Corcovado National Park

Our only full day to explore Corcovado National Park and we awoke not only to a serenade of howler monkeys but to a tropical rainstorm and George soon discovered his poncho was in the luggage we left in San Jose.  No worries this is a full service resort and Andre to the rescue with a loaner poncho so after breakfast we boarded another small boat for the 20-minute ride to San Pedrillo Ranger station, our entrance into Corcovado National Park.  To say we had a wet landing would be an understatement, we were soaked to the bone from the rain so disembarking into the water was no big deal and besides, the water was warm and we still had to wade across a river to get to the trailhead.  My thought was are there crocodiles in the river?   No worries our guide said as he plunged right in.

Trail Marker

Our guide, Manuel, led us to the trailhead for the Rio Prago (River of the red snapper).  It was pouring rain and the trail was very muddy but we forged ahead;  as we began to wonder what on earth we were doing here Manuel began to spot birds, a little black and white frog, another frog, a Jesus Christ lizard so called because it can walk on water, our heads were spinning trying to see what he was seeing – if only we had better eyesight.  We came out on the beach where the Rio Prago entered the ocean and took a little break, so did the rain.  Walking back part of the way along the beach the warm sun began to dry our wet clothes and ponchos started coming off; we were finally able to take a few pictures. Re-entering the jungle Manuel spotted a spider monkey high in a tree and as we prepared to re-cross the river back to the ranger station a howler monkey high above the river.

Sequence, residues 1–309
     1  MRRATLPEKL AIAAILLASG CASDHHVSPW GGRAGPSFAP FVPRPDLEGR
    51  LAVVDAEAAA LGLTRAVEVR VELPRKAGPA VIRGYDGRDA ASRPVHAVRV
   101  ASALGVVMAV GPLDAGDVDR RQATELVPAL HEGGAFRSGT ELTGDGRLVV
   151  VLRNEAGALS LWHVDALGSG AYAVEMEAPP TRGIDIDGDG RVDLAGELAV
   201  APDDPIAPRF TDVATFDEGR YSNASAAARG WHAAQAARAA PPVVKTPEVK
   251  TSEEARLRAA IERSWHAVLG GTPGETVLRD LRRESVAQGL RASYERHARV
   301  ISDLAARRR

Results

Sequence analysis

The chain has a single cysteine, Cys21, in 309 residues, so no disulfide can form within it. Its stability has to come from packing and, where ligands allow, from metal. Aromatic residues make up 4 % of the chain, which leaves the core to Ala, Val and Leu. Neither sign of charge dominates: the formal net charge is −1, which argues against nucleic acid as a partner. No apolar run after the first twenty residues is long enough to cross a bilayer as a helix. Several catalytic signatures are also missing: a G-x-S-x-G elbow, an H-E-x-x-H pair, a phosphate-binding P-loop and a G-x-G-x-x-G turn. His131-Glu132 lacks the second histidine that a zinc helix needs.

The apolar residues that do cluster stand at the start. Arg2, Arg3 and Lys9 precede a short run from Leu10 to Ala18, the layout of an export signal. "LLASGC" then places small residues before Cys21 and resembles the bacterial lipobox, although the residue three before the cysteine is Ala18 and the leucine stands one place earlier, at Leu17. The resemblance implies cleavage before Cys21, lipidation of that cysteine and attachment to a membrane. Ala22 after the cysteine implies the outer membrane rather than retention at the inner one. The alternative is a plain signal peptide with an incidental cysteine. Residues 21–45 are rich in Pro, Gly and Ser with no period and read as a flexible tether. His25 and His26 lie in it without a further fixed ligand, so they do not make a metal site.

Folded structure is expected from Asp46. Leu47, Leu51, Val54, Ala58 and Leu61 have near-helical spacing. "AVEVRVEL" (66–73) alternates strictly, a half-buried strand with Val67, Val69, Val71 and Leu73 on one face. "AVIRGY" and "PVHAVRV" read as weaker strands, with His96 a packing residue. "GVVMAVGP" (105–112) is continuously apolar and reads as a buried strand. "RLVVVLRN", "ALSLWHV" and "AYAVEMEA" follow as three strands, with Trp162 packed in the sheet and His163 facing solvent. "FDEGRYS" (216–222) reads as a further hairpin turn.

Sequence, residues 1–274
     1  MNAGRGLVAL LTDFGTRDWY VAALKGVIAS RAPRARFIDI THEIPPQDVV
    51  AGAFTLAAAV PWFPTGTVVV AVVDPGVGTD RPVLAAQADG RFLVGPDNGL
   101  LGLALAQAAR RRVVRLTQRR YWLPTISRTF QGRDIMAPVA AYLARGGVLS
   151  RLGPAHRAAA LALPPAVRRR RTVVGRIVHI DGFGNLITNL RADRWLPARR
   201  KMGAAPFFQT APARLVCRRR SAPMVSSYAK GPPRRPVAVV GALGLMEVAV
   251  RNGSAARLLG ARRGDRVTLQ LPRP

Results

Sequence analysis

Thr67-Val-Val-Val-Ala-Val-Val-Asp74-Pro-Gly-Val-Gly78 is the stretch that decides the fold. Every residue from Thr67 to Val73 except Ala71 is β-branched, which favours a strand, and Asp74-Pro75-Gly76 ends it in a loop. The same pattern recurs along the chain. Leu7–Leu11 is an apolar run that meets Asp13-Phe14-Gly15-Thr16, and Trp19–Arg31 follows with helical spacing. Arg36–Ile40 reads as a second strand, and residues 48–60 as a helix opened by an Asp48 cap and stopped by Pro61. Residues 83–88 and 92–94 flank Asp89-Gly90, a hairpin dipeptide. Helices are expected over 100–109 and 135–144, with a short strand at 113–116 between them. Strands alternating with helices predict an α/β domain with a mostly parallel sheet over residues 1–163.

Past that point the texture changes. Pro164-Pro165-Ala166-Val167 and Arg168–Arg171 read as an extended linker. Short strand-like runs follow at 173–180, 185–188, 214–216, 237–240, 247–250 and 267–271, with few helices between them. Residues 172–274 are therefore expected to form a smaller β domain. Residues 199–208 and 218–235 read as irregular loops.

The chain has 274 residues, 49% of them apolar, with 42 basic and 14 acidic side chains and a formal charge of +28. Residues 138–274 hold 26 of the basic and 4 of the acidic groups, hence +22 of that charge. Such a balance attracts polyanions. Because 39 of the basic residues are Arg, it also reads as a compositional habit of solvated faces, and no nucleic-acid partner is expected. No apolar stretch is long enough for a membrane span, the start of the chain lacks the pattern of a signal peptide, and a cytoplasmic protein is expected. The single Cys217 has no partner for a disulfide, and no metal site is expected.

The Rio Prago

After a lunch break at the ranger station part of our group continued up to a waterfall seeing more birds, a sloth and right on the trail a Fer de Lance they stepped over without even seeing it until the Manuel noticed it. This was the “real” thing and luckily the snake did move a muscle remaining sound asleep as they passed but we have no picture so I borrowed one from the internet.

Remember that river we crossed?  Well, returning from the waterfall guess what was lazing on the shore, yep, a crocodile – no more wading in rivers for me.

Not far from the ranger station an anteater was spotted in a tree so again, craning our necks for a good look we watched as it moved from tree to tree in search of tasty morsels for lunch.

Trail to Cocalito Beach

The boat ride back to Drake Bay was much more enjoyable in the afternoon sun.

This was our first introduction to the jungles of Costa Rica and we began to recognize the enormous diversity. With approximately 500 species of trees in the park, over 360 types of birds and many small animals making their homes here it is an amazing place.

The visit was a little disappointing to us because of the large numbers of visitors.  One of the Windstar ships had brought in about 50 young ladies who were on the trail ahead of us and I am sure the amount of noise sent many of the birds and animals into hiding, an ill-timed coincidence for us.